Texas Rangers

Rangers notes: Union chief cautions ‘pace of play’ rules may alter player performance

Tony Clark, executive director of the Major League Baseball Players Association, is asking players to report if the rules changes “adversely affect the way they play.”
Tony Clark, executive director of the Major League Baseball Players Association, is asking players to report if the rules changes “adversely affect the way they play.” AP

Tony Clark is cautious when it comes to just about anything to do with the constituency he represents.

Clark, the executive director of the Major League Baseball Players Association, met with Rangers players Monday morning. One of the big topics of discussion was the league’s ongoing attempt at speeding up the game. Beginning in May, players can be fined or disciplined if they, for example, fail to keep a foot in the batter’s box, or if a pitcher isn’t ready to go when a timer clock has counted to zero after between-inning commercial breaks.

“Although we can appreciate that some have a concern about the overall length of the game we need to be very careful about effecting change in the game that affects the way players play,” said Clark, the first former player to become head of the players’ union. “At the end of the day we’re all baseball fans and love the game and we need to be very sensitive to adjustments to the game on the field and how they may affect how players may perform.”

Clark isn’t just speaking as a former player, but also echoing sentiments from current players such as Rangers pitcher Derek Holland. Holland, the Rangers’ player representative, isn’t a fan of the changes.

“I don’t believe in speeding up the game. Let the game be played the way it’s supposed to be played,” he said.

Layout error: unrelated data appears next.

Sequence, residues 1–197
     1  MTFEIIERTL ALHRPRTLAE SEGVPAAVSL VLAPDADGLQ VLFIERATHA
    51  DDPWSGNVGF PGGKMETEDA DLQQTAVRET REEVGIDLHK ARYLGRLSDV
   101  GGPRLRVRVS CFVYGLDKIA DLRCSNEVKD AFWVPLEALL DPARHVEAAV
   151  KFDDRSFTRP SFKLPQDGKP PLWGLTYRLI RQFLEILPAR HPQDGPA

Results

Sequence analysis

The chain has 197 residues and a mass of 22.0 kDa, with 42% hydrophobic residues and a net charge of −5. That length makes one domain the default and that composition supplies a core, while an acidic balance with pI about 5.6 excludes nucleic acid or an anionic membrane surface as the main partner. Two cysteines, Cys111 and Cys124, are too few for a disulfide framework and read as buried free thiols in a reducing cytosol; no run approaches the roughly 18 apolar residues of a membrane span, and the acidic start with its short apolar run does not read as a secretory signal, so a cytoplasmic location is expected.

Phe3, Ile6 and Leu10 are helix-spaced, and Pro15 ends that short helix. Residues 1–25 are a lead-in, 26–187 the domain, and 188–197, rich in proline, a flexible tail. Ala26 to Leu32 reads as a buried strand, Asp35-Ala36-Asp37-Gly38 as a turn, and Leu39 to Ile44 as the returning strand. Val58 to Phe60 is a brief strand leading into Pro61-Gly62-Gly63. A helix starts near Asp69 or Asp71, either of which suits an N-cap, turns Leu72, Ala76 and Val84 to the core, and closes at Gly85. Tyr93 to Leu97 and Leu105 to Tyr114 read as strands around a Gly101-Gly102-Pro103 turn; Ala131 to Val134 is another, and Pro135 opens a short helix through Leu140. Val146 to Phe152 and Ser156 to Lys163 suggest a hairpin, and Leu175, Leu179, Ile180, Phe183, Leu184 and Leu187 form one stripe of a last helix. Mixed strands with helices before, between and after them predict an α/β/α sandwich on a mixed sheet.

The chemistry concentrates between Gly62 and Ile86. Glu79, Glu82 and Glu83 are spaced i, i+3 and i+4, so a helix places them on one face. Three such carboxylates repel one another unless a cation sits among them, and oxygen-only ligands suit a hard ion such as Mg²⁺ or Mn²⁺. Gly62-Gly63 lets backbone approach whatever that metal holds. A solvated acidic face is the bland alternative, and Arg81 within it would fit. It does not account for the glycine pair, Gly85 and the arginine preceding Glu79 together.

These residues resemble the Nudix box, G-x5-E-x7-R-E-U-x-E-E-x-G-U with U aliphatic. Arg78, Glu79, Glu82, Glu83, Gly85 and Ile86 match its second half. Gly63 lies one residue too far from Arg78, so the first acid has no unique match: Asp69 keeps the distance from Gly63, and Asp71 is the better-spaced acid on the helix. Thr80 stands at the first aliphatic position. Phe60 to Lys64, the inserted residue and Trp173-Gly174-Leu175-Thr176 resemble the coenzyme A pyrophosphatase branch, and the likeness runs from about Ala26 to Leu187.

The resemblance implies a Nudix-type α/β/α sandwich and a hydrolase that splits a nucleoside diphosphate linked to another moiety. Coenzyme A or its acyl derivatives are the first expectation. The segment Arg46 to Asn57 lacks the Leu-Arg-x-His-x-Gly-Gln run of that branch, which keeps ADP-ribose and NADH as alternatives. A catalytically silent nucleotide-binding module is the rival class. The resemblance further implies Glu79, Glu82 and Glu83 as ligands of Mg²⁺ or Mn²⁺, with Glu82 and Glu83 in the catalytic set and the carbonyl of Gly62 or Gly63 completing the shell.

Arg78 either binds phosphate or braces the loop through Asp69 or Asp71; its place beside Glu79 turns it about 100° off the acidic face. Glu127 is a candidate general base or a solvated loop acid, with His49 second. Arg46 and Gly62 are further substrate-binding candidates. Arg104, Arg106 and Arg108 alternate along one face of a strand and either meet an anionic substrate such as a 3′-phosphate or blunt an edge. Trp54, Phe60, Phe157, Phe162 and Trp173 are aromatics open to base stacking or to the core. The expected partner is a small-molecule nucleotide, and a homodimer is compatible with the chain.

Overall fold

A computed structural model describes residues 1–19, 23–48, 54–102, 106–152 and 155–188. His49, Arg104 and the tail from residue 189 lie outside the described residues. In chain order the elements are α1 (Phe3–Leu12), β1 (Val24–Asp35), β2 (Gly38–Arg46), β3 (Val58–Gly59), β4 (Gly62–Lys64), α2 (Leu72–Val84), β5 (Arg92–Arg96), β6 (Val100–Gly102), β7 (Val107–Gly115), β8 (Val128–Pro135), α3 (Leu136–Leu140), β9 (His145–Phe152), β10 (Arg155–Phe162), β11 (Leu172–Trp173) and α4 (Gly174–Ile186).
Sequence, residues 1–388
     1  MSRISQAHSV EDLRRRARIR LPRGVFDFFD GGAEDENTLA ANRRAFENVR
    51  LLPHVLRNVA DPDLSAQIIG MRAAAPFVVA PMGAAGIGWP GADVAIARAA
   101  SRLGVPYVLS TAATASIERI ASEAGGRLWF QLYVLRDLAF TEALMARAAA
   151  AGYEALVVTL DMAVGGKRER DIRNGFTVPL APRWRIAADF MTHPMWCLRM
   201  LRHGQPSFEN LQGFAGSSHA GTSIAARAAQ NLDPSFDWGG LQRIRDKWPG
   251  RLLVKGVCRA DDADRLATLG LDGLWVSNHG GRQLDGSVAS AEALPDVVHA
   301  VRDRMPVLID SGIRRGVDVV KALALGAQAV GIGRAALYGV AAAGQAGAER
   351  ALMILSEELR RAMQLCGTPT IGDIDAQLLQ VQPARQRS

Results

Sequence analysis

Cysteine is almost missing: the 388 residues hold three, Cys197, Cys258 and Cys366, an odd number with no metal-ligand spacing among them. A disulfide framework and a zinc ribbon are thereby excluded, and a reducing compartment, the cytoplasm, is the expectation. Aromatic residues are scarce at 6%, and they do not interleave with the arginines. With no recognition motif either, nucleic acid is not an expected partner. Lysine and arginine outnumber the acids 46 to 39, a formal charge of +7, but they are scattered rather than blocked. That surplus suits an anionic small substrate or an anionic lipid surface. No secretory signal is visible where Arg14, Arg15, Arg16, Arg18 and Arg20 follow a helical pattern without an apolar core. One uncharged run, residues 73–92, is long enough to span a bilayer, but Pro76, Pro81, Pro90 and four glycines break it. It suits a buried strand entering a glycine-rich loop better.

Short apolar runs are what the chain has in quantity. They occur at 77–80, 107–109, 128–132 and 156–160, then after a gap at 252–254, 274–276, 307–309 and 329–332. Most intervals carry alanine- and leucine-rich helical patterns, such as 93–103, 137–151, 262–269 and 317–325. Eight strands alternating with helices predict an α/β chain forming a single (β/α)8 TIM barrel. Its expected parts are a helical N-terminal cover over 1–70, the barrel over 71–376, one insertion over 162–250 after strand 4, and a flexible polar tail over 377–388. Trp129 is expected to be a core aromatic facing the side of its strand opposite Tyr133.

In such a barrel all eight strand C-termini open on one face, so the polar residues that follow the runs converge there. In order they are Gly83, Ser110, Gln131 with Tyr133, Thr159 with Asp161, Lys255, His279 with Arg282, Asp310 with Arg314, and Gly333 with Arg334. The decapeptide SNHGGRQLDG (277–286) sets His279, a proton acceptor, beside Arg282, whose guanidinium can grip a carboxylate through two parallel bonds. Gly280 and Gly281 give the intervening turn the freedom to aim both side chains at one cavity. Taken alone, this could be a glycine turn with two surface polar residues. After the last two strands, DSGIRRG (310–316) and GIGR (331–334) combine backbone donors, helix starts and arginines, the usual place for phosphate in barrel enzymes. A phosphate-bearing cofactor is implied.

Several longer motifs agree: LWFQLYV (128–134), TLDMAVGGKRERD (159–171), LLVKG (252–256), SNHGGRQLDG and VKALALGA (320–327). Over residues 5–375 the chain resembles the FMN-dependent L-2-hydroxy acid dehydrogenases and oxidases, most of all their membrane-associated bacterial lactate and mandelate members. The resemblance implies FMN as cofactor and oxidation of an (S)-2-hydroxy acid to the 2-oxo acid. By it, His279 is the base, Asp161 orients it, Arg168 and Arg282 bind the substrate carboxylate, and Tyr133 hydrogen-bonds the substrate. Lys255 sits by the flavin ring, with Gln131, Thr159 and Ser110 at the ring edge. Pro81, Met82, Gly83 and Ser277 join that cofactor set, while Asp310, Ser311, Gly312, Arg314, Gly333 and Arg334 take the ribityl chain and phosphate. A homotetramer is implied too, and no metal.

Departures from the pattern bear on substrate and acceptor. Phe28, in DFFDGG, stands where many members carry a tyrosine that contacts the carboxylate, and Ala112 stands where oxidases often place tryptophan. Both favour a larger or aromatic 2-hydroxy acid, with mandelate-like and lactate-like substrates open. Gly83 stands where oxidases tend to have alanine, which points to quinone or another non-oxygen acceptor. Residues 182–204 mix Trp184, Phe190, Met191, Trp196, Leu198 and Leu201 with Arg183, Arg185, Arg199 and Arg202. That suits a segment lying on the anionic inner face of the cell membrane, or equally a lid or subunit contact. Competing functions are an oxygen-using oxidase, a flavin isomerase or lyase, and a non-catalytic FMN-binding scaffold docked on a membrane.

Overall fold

Clark doesn’t think minor league trial runs of pace of play rules is analogous to using them in the big leagues.

“The game at the big league level is much different,” he said. “So just assuming you can write a rule and you think you know what’s going to happen with it ... you never really know until the lights come on and that rule is implanted and guys try to adapt to it.”

Clark is asking players to report if the rules changes “adversely affect the way they play” this season.

Holland worries that a pitch clock, which will force pitchers to finish their between-inning warm-up throws in a timely manner or go without, could throw off his rhythm.

Players have always been taught to slow the game down in their head, Clark said.

“Now, all of a sudden, we’re telling everybody to speed up. That’s where mistakes happen, that’s when you start doing things you’re not accustomed to doing because you’re rushing.”

Don’t stop believing

Rangers utility player Adam Rosales learned a long time ago to not put too much stock into how he was playing today. It’s never a guarantee the same results will come tomorrow.

Rosales only needs to look back to last spring when he struggled at the plate and started the year with Triple A Round Rock. He joined the Rangers in July and hit .262 in 56 games.

“It’s tough to explain because this game has a lot of dynamics to it,” he said. “Things change. You feel hot sometimes but you’ve got to remember it’s a long season; you don’t want to peak too soon. But then sometimes you need to peak too soon because you need to impress a team. The mentality comes in and how do you combat that and learn how to get around that.”

That balance comes with time, Rosales said.

“Once you become a pro you start understanding the longevity of a season. The ups and downs you’re going to have,” he said. “You’re going to have downs that hopefully last no more than two weeks but then you’re going to have ups and you have to believe in that. The main thing is you have to believe in yourself in those moments because you can’t expect anybody else to believe in you.”

Injury update

▪ Holland’s status was changed to “improved,” said general manager Jon Daniels. Holland (sore throwing arm) played catch Monday afternoon and is expected throw a bullpen session later this week before pitching in a Cactus League game.

▪ Left-hander Michael Kirkman (sore throwing shoulder) says he feels great and threw on flat ground Sunday. He expects to move to a half mound later this week.

Stefan Stevenson

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Twitter: @StevensonFWST

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